• Alice
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Alice by Baron lytton 


Intro 

IT was towards the evening of a day in early April that two ladies were seated

by the open windows of a cottage in Devonshire. The lawn before them was gay

with evergreens, relieved by the first few flowers and fresh turf of the reviving

spring; and at a distance, through an opening amongst the trees, the sea, blue and

tranquil, bounded the view, and contrasted the more confined and home-like

features of the scene. It was a spot remote, sequestered, shut out from the

business and pleasures of the world; as such it suited the tastes and character of

the owner.

That owner was the younger of the ladies seated by the window. You would

scarcely have guessed, from her appearance, that she was more than seven or

eight and twenty, though she exceeded by four or five years that critical

boundary in the life of beauty. Her form was slight and delicate in its

proportions, nor was her countenance the less lovely because, from its gentleness

and repose (not unmixed with a certain sadness) the coarse and the gay might

have thought it wanting in expression. For there is a stillness in the aspect of

those who have felt deeply, which deceives the common eye,—as rivers are

often alike tranquil and profound, in proportion as they are remote from the

springs which agitated and swelled the commencement of their course, and by

which their waters are still, though invisibly, supplied.

The elder lady, the guest of her companion, was past seventy; her gray hair

was drawn back from the forehead, and gathered under a stiff cap of quaker-like

simplicity; while her dress, rich but plain, and of no very modern fashion, served

to increase the venerable appearance of one who seemed not ashamed of years.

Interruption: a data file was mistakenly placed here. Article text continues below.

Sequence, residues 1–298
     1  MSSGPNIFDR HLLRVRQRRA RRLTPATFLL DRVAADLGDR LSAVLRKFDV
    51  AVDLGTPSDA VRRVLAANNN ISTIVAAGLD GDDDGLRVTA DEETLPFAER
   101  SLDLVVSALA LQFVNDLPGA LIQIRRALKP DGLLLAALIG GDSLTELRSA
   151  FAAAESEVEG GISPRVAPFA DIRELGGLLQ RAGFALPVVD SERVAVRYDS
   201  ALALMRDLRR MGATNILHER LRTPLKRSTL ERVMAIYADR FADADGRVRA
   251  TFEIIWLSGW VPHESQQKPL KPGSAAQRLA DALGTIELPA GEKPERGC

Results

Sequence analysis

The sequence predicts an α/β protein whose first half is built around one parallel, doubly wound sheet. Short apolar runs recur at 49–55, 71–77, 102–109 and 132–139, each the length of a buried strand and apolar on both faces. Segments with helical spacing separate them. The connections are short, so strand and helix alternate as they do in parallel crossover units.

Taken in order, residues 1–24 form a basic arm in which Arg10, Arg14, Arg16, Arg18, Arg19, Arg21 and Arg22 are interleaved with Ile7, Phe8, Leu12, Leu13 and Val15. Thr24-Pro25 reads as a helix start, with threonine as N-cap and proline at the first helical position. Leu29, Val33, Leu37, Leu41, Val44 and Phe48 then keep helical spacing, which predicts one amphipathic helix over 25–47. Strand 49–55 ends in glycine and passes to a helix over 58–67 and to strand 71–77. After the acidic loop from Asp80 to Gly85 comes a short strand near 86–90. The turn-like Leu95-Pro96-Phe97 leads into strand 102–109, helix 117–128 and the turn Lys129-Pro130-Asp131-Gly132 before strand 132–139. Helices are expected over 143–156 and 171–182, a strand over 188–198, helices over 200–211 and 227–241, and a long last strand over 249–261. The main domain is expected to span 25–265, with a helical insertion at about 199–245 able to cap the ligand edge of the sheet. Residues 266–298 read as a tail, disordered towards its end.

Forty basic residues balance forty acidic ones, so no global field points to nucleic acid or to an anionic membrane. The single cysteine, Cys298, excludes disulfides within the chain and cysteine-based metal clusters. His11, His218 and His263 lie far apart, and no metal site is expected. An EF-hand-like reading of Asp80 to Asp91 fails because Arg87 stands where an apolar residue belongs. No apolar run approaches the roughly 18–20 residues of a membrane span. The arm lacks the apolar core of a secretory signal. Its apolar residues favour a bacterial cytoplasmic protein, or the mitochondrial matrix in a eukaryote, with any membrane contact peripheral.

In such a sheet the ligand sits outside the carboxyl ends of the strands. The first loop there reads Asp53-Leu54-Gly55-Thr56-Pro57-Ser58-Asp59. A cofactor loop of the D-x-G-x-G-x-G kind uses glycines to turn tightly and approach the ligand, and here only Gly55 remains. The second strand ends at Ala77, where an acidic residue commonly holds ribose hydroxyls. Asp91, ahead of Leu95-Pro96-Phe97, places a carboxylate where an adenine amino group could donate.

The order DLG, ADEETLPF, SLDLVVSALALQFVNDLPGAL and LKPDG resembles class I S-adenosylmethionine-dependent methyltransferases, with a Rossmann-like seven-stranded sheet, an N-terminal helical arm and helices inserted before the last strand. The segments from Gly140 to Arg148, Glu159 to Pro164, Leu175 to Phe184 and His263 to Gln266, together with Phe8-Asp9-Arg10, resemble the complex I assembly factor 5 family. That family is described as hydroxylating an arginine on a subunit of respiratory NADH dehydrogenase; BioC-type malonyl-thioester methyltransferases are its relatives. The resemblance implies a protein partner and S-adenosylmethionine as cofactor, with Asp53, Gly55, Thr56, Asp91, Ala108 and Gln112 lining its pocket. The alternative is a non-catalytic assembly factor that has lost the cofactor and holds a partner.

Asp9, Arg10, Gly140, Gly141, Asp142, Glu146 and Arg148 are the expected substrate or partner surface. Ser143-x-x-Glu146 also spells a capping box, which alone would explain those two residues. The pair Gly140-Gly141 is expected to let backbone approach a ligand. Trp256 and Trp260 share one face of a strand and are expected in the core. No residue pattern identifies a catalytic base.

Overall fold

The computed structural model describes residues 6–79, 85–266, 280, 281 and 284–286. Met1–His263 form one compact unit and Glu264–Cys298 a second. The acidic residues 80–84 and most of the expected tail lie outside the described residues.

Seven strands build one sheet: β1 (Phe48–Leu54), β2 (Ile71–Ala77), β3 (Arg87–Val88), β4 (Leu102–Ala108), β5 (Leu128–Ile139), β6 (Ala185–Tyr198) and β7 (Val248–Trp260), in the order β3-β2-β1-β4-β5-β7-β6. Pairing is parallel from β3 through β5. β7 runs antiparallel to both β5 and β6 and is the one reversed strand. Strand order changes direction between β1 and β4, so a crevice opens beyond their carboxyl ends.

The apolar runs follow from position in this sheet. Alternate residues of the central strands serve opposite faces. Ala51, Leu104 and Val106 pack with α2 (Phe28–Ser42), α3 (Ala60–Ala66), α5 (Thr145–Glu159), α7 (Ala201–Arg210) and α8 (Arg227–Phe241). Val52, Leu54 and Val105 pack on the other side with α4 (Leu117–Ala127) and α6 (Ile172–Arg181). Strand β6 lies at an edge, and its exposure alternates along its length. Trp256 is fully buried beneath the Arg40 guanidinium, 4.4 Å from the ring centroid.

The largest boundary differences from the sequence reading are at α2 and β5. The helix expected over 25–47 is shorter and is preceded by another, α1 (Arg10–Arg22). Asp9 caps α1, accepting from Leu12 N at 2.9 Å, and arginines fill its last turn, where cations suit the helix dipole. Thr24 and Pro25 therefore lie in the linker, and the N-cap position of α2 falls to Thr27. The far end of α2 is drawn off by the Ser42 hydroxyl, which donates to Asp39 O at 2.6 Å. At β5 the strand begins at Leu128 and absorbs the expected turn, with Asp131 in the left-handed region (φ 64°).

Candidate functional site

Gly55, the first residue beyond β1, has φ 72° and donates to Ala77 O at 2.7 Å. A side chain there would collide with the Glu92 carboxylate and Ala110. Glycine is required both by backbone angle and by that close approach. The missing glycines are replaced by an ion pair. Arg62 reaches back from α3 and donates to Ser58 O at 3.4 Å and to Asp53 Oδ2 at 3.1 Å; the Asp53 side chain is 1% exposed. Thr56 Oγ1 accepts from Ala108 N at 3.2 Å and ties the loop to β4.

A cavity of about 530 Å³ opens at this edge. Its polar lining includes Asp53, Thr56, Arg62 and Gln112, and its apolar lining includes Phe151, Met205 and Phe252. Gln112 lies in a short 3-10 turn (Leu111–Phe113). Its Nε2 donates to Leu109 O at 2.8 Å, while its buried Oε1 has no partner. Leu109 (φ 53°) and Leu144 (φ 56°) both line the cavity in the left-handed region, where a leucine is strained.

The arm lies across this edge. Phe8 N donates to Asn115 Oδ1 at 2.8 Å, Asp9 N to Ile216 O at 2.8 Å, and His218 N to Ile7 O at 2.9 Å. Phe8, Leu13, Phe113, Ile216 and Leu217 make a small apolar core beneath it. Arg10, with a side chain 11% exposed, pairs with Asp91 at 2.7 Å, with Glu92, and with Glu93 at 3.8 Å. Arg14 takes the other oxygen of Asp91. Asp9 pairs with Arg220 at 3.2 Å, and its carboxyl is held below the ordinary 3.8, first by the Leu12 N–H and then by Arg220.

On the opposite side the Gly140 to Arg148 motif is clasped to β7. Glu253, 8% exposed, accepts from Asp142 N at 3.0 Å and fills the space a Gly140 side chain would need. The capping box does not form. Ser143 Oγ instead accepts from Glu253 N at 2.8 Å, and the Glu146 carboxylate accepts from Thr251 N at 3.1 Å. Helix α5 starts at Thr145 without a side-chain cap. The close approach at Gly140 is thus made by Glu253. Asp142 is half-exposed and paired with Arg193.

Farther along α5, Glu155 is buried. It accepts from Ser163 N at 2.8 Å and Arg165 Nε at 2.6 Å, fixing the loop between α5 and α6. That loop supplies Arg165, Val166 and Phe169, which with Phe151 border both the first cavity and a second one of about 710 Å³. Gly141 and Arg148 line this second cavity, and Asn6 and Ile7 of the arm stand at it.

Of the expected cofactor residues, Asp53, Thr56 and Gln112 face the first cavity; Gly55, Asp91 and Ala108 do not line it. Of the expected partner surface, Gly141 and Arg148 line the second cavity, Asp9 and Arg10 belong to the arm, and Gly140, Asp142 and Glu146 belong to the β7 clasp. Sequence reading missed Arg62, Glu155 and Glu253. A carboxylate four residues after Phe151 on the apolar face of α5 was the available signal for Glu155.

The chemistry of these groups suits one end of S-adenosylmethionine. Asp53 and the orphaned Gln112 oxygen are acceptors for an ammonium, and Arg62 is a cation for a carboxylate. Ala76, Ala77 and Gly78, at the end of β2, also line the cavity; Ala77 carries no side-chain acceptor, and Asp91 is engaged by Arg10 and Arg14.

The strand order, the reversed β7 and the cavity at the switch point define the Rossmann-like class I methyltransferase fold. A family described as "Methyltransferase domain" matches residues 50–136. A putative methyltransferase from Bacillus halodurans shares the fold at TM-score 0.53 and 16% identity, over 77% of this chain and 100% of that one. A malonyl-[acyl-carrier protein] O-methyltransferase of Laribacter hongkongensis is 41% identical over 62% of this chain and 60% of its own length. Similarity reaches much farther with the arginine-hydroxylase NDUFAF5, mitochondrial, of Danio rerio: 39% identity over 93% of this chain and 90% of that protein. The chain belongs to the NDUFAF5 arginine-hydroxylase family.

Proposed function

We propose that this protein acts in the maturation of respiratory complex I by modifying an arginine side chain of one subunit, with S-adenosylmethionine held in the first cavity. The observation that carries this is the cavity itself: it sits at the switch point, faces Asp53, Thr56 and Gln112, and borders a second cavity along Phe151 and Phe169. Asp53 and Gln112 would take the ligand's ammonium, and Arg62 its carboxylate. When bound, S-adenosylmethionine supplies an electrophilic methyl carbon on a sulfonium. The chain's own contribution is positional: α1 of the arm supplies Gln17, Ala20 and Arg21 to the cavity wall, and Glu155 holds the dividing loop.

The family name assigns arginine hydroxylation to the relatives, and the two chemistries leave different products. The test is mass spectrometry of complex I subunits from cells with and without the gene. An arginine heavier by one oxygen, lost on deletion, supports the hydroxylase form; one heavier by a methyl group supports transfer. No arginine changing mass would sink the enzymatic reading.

"My dear Mrs. Leslie," said the lady of the house, after a thoughtful pause in

the conversation that had been carried on for the last hour, "it is very true;

perhaps I was to blame in coming to this place; I ought not to have been so

selfish."

"No, my dear friend," returned Mrs. Leslie, gently; "selfish is a word that can

never be applied to you; you acted as became you,—agreeably to your own

instinctive sense of what is best when at your age,—independent in fortune and

rank, and still so lovely,—you resigned all that would have attracted others, and

devoted yourself, in retirement, to a life of quiet and unknown benevolence. You are in your sphere in this village,—humble though it be,—consoling, relieving,

healing the wretched, the destitute, the infirm; and teaching your Evelyn

insensibly to imitate your modest and Christian virtues." The good old lady

spoke warmly, and with tears in her eyes; her companion placed her hand in Mrs.

Leslie's.

"You cannot make me vain," said she, with a sweet and melancholy smile. "I

remember what I was when you first gave shelter to the poor, desolate wanderer

and her fatherless child; and I, who was then so poor and destitute, what should I

be, if I was deaf to the poverty and sorrows of others.......... Download Now to read more about " Alice " by Baron lytton 



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